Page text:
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Daniel Westermann

PostgreSQL 12: log_statement_sample_rate

A common way to identify long running queries in PostgreSQL is to set log_min_duration_statement to a value that is known to cause troubles. In other words: If you know most of your statements usually execute in under a second you could set log_min_duration_statement to “2s” (which means two seconds) so that whenever a statement takes longer than two seconds it will be reported in the log file. The issue with this however is, that this can cause a lot of activity in the server log file which of course is not good for performance as well. PostgreSQL 12 will probably come with a solution to that.

The default value of log_min_duration_statement is “-1″, which means disabled:

postgres=# select version();
                                                  version                                                   
------------------------------------------------------------------------------------------------------------
 PostgreSQL 12devel on x86_64-pc-linux-gnu, compiled by gcc (GCC) 4.8.5 20150623 (Red Hat 4.8.5-28), 64-bit
(1 row)

postgres=# show log_min_duration_statement;
 log_min_duration_statement 
----------------------------
 -1
(1 row)

Lets set this to 5ms and then generate some queries:

postgres=# alter system set log_min_duration_statement = '5ms';
ALTER SYSTEM
postgres=# select pg_reload_conf();
 pg_reload_conf 
----------------
 t
(1 row)

postgres=# show log_min_duration_statement;
 log_min_duration_statement 
----------------------------
 5ms
(1 row)

When we execute some queries that take longer than 5ms they should get reported in the log file:

postgres=# select 'select pg_sleep(0.5)' from generate_series(1,10); \gexec
       ?column?       
----------------------
 select pg_sleep(0.5)
 select pg_sleep(0.5)
 select pg_sleep(0.5)
 select pg_sleep(0.5)
 select pg_sleep(0.5)
 select pg_sleep(0.5)
 select pg_sleep(0.5)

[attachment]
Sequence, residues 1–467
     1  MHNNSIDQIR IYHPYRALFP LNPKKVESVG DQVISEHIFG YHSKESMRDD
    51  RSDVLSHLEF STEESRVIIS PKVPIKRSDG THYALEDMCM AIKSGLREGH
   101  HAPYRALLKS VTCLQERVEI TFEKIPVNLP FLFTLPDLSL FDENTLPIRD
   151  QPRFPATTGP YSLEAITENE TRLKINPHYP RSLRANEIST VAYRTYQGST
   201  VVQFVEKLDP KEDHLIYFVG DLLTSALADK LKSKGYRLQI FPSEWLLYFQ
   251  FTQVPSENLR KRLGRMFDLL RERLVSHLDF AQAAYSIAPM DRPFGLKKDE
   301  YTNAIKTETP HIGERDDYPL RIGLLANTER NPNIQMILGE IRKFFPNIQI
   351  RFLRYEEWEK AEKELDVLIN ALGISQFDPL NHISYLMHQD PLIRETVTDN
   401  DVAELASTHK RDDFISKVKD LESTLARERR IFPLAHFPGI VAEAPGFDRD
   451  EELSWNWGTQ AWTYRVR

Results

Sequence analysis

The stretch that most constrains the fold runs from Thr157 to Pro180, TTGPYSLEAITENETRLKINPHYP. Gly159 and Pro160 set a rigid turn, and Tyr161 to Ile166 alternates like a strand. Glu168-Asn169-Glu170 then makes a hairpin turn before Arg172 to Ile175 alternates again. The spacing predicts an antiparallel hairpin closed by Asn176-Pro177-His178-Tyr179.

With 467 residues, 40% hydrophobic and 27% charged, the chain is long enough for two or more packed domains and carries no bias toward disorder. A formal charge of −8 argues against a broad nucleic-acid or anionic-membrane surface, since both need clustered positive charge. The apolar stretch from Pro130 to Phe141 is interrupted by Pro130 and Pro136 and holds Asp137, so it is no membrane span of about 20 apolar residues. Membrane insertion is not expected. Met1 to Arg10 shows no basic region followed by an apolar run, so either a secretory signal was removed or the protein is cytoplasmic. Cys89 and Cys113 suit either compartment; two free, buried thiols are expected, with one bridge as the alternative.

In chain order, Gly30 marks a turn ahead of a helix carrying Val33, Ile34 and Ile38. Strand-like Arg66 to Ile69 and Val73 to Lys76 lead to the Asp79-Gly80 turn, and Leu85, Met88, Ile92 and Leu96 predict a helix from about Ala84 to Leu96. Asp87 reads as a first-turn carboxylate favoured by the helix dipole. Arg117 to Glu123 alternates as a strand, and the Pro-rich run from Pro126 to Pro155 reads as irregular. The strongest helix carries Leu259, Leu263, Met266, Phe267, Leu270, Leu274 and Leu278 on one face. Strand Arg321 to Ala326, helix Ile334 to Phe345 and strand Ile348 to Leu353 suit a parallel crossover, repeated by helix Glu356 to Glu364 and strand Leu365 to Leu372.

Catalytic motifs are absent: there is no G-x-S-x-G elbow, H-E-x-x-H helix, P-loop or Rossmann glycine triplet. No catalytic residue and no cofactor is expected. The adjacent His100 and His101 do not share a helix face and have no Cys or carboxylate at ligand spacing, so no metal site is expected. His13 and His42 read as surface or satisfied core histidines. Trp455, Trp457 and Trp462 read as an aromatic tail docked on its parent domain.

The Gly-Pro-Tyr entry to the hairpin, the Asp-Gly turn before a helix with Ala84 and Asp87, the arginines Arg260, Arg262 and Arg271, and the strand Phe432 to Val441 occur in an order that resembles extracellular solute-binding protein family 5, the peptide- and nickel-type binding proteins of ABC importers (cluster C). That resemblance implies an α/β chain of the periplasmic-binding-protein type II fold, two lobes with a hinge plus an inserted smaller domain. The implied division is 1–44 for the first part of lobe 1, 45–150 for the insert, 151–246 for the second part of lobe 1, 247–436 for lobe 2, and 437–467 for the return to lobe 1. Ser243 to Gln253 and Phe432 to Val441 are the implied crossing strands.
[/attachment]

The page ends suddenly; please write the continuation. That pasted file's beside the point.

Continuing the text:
select pg_sleep(0.5)
 select pg_sleep(0.5)
 select pg_sleep(0.5)
(10 rows)

 pg_sleep 
----------
 
(1 row)

...

Looking at the log file there are exactly 10 entries:

2018-11-28 03:13:32.240 CET - 20 - 28978 - [local] - postgres@postgres LOG:  duration: 529.825 ms  statement: select pg_sleep(0.5)
2018-11-28 03:13:32.770 CET - 21 - 28978 - [local] - postgres@postgres LOG:  duration: 529.904 ms  statement: select pg_sleep(0.5)
2018-11-28 03:13:33.273 CET - 22 - 28978 - [local] - postgres@postgres LOG:  duration: 501.729 ms  statement: select pg_sleep(0.5)
2018-11-28 03:13:33.783 CET - 23 - 28978 - [local] - postgres@postgres LOG:  duration: 509.532 ms  statement: select pg_sleep(0.5)
2018-11-28 03:13:34.305 CET - 24 - 28978 - [local] - postgres@postgres LOG:  duration: 520.946 ms  statement: select pg_sleep(0.5)
2018-11-28 03:13:34.809 CET - 25 - 28978 - [local] - postgres@postgres LOG:  duration: 502.624 ms  statement: select pg_sleep(0.5)
2018-11-28 03:13:35.315 CET - 26 - 28978 - [local] - postgres@postgres LOG:  duration: 505.043 ms  statement: select pg_sleep(0.5)
2018-11-28 03:13:35.817 CET - 27 - 28978 - [local] - postgres@postgres LOG:  duration: 502.034 ms  statement: select pg_sleep(0.5)
2018-11-28 03:13:36.321 CET - 28 - 28978 - [local] - postgres@postgres LOG:  duration: 503.417 ms  statement: select pg_sleep(0.5)
2018-11-28 03:13:36.824 CET - 29 - 28978 - [local] - postgres@postgres LOG:  duration: 501.790 ms  statement: select pg_sleep(0.5)

Imagine there are thousands of statements that exceed log_min_duration_statement: This will make the log file grow quite fast and performance will suffer because writing the log file takes resources as well. PostgreSQL 12 introduces a new parameter “log_statement_sample_rate” which helps with this:

postgres=# show log_statement_sample_rate;
 log_statement_sample_rate 
---------------------------
 1
(1 row)

The default is 1 which means log all statements that exceed the log_min_duration_statement threshold. When that is too much we can now go and say: We want only 10% of these statements getting logged:

postgres=# alter system set log_statement_sample_rate=0.1;
ALTER SYSTEM
postgres=# select pg_reload_conf();
 pg_reload_conf 
----------------
 t
(1 row)

postgres=# show log_statement_sample_rate;
 log_statement_sample_rate 
---------------------------
 0.1
(1 row)

Doing the same test as above again:

postgres=# select 'select pg_sleep(0.5)' from generate_series(1,10); \gexec
       ?column?       
----------------------
 select pg_sleep(0.5)
 select pg_sleep(0.5)
 select pg_sleep(0.5)
 select pg_sleep(0.5)
 select pg_sleep(0.5)
 select pg_sleep(0.5)
 select pg_sleep(0.5)
 select pg_sleep(0.5)
 select pg_sleep(0.5)
 select pg_sleep(0.5)
(10 rows)

 pg_sleep 
----------
 
(1 row)

...

… we only get one entry in the log file, instead of 10:

2018-11-28 03:20:36.218 CET - 34 - 28978 - [local] - postgres@postgres LOG:  duration: 504.845 ms  statement: select pg_sleep(0.5)

Nice. Btw: The commit is here.

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Daniel Westermann
Daniel Westermann

Senior Consultant and Technology Leader Open Infrastructure